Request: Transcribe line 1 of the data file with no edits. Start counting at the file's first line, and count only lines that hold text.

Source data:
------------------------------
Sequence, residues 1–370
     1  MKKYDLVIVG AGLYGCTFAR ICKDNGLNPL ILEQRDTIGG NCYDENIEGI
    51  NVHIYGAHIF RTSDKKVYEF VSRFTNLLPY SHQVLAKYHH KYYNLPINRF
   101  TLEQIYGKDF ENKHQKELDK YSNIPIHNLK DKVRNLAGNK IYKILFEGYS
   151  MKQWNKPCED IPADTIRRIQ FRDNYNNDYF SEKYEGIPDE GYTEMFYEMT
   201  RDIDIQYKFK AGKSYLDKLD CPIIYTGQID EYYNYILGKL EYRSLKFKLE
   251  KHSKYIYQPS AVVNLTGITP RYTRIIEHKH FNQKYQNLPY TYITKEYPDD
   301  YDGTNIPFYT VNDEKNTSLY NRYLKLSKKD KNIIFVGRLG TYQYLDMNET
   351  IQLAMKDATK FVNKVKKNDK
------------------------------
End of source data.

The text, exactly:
Sequence, residues 1–370